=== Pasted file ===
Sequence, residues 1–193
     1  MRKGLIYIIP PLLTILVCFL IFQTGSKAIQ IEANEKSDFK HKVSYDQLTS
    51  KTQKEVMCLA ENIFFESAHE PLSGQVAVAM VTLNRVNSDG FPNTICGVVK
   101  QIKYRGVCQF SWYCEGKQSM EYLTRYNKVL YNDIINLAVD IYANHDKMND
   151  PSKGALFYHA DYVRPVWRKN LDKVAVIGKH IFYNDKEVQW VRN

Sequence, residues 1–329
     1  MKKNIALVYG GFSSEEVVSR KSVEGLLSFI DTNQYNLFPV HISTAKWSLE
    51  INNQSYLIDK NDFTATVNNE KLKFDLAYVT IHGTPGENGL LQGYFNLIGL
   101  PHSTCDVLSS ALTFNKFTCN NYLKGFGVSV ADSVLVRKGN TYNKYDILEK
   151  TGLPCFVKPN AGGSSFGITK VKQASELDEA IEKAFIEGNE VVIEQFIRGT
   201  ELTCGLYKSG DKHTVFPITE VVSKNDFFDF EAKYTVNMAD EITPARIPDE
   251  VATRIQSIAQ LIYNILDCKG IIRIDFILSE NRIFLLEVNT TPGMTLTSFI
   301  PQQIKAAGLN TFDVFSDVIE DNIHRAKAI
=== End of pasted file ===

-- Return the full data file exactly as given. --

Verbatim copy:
Sequence, residues 1–193
     1  MRKGLIYIIP PLLTILVCFL IFQTGSKAIQ IEANEKSDFK HKVSYDQLTS
    51  KTQKEVMCLA ENIFFESAHE PLSGQVAVAM VTLNRVNSDG FPNTICGVVK
   101  QIKYRGVCQF SWYCEGKQSM EYLTRYNKVL YNDIINLAVD IYANHDKMND
   151  PSKGALFYHA DYVRPVWRKN LDKVAVIGKH IFYNDKEVQW VRN

Sequence, residues 1–329
     1  MKKNIALVYG GFSSEEVVSR KSVEGLLSFI DTNQYNLFPV HISTAKWSLE
    51  INNQSYLIDK NDFTATVNNE KLKFDLAYVT IHGTPGENGL LQGYFNLIGL
   101  PHSTCDVLSS ALTFNKFTCN NYLKGFGVSV ADSVLVRKGN TYNKYDILEK
   151  TGLPCFVKPN AGGSSFGITK VKQASELDEA IEKAFIEGNE VVIEQFIRGT
   201  ELTCGLYKSG DKHTVFPITE VVSKNDFFDF EAKYTVNMAD EITPARIPDE
   251  VATRIQSIAQ LIYNILDCKG IIRIDFILSE NRIFLLEVNT TPGMTLTSFI
   301  PQQIKAAGLN TFDVFSDVIE DNIHRAKAI